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Wednesday, 4 July, 2001, 13:02 GMT 14:02 UK
Notorious stalker jailed for life
Maidstone Crown Court
Hurdle was sentenced to life at Maidstone Crown Court
A former naval officer, who was identified in a television programme as Britain's "most notorious" stalker, has been jailed for life.

Anthony Hurdle pleading guilty to attempting to murder his ex-girlfriend.

A court heard Hurdle nearly killed Lorraine Nicholson when he slashed her wrist with such force, her hand was left hanging off.

Hurdle was jailed for three years in 1996 for stalking another girlfriend, after a high-profile test case.

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Miss Nicholson ended her relationship with Hurdle after she saw him identified in a television as Britain's "most notorious" stalker.

She told Maidstone Crown Court she did not believe it could be Hurdle, as she had no idea about his past.

But when she confronted him about it he simply said: "Yes it's me".

This is a wicked offence and it justifies a severe sentence not only to punish you but to serve as a warning to others

Judge Andrew Patience QC

Hurdle, a former naval petty officer, of Hythe, Kent, stalked Miss Nicholson in the run up to 24 November, 2000, when the attack happened.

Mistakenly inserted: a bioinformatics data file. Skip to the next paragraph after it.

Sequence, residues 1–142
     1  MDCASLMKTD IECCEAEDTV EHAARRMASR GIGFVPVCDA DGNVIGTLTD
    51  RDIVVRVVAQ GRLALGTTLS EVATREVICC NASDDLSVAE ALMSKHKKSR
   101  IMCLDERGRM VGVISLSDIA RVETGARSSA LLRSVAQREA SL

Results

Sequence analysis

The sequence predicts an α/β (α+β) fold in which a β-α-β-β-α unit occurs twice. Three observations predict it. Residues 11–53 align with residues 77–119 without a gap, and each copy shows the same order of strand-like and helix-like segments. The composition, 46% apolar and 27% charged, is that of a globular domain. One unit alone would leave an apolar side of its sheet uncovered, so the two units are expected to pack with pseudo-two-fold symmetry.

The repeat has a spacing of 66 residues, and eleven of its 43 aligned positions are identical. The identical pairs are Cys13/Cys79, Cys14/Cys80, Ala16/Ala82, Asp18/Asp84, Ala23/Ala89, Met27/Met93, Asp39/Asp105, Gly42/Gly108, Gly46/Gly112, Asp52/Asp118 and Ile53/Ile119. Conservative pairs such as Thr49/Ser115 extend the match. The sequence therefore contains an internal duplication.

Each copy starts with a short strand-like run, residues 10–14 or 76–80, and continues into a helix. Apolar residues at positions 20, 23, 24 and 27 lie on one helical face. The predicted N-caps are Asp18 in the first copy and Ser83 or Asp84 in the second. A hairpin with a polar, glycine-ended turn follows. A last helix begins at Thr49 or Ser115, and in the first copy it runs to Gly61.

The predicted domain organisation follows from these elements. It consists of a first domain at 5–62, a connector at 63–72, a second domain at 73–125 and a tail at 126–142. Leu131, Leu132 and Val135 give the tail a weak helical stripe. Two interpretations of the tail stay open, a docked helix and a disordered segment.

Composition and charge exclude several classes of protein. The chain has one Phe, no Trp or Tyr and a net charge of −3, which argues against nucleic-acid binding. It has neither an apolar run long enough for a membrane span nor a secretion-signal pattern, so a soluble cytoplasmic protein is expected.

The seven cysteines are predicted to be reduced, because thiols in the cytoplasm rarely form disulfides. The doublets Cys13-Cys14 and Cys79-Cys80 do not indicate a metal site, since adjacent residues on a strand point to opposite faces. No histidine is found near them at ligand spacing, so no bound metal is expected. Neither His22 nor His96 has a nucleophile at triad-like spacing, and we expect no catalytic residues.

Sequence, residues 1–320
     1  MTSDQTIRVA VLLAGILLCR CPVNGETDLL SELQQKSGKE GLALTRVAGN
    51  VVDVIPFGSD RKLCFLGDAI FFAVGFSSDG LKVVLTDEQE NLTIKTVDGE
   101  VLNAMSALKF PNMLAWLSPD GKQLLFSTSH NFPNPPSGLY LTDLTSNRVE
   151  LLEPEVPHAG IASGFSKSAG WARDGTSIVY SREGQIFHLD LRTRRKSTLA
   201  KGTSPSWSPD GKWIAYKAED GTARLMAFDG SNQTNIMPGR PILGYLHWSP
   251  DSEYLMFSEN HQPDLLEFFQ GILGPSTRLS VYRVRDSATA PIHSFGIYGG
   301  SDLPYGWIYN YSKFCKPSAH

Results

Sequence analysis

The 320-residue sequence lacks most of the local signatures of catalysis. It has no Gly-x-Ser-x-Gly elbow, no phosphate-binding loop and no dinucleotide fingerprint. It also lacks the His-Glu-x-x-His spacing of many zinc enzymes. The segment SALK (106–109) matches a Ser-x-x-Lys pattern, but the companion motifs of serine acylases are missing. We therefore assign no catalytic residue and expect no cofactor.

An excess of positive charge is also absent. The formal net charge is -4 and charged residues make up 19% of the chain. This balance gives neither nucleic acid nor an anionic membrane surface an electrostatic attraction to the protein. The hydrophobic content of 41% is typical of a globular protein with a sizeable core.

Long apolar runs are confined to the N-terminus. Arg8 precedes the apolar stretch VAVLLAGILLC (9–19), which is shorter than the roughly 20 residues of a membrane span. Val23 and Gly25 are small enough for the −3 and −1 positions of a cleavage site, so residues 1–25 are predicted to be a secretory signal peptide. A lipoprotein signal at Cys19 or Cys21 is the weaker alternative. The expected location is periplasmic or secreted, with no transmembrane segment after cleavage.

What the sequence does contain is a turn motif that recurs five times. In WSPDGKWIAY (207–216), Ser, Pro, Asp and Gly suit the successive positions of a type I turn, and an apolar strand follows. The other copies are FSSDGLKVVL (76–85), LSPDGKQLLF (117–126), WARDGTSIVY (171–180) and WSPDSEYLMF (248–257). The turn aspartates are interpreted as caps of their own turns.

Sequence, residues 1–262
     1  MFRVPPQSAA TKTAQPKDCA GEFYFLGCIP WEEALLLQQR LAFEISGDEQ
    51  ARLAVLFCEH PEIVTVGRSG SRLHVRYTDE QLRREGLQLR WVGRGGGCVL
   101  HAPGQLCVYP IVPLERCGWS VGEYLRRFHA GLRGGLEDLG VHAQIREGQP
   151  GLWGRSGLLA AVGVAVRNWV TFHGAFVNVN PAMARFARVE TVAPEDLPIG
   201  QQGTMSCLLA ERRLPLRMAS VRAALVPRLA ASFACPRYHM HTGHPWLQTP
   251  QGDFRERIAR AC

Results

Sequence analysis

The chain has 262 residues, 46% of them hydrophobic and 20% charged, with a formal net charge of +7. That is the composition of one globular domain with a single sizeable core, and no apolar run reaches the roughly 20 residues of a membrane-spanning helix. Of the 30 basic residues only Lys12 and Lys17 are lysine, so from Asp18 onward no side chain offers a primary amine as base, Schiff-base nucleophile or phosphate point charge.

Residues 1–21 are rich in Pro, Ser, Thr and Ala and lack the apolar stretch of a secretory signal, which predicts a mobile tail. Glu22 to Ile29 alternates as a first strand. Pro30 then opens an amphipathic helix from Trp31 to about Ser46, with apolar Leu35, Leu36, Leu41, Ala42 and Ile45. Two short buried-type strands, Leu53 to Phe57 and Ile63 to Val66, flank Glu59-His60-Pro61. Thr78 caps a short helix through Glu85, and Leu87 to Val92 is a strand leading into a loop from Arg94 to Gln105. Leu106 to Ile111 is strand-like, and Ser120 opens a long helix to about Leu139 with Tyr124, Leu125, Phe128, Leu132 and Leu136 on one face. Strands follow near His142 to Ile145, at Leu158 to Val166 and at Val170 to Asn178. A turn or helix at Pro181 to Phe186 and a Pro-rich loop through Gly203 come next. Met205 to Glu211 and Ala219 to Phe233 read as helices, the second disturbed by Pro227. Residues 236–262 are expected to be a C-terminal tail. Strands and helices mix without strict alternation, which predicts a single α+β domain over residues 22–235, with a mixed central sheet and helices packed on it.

Maidstone Crown Court heard how Hurdle turned up at her home in Ashford, Kent forced his way through the front door and cut her left arm, severing all the veins and arteries.

On 19 November, five days before the attack, one of Miss Nicholson's friends received a text message from Hurdle, formerly known as Anthony Burstow.

In it he said: "Please tell Lorraine her game is over. No call today. I take over the process".

Hurdle's stalking history dates back to 1993 when he started following, phoning and sending obscene letters to a previous girlfriend, Tracey Sant.

Hurdle's sentence is: "A warning to others".
He was jailed on three occasions for burgling her home and stealing her knickers as well as following her and littering her front garden with condoms.

In 1996 he was jailed for three years for causing grievous bodily harm to Ms Sant's mind, a conviction that was later ruled safe by the House of Lords in a test case.

As he was passing Hurdle's life sentence Judge Andrew Patience QC said: "It is clear to me that when a relationship with a woman comes to an end you can't accept it and you become obsessional.

"This is a wicked offence and it justifies a severe sentence not only to punish you but to serve as a warning to others."

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